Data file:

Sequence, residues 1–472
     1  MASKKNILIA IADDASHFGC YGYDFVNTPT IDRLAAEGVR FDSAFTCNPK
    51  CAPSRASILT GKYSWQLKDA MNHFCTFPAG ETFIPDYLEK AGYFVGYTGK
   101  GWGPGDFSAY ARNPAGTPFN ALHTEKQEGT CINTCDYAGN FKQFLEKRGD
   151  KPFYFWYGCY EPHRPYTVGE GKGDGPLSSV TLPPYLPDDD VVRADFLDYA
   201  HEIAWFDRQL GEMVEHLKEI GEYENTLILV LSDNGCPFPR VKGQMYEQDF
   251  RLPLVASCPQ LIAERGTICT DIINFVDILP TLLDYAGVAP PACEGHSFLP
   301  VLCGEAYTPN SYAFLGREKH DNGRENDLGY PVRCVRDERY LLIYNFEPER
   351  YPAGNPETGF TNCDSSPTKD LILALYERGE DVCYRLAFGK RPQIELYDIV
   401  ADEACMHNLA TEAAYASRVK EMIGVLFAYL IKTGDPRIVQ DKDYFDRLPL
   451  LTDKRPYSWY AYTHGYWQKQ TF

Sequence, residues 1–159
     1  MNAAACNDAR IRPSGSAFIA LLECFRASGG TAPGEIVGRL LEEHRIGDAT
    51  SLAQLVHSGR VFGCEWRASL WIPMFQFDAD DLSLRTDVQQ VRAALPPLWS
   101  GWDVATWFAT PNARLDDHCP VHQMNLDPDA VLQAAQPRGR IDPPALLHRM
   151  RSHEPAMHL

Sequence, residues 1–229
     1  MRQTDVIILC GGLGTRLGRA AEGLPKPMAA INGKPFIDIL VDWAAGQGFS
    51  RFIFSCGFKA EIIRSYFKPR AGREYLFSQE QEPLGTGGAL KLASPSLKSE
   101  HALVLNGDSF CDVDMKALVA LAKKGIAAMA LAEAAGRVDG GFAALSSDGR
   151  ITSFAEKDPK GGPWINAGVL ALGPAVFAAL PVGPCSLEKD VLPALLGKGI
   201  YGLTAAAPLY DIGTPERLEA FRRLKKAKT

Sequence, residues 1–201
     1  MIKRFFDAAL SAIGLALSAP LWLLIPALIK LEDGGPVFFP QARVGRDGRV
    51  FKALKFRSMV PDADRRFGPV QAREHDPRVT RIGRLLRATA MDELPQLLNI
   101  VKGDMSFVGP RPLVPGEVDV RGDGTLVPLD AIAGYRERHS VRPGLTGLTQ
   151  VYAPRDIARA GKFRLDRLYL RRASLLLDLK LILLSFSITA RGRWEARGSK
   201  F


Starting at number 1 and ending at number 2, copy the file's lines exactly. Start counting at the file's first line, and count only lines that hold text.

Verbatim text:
Sequence, residues 1–472
     1  MASKKNILIA IADDASHFGC YGYDFVNTPT IDRLAAEGVR FDSAFTCNPK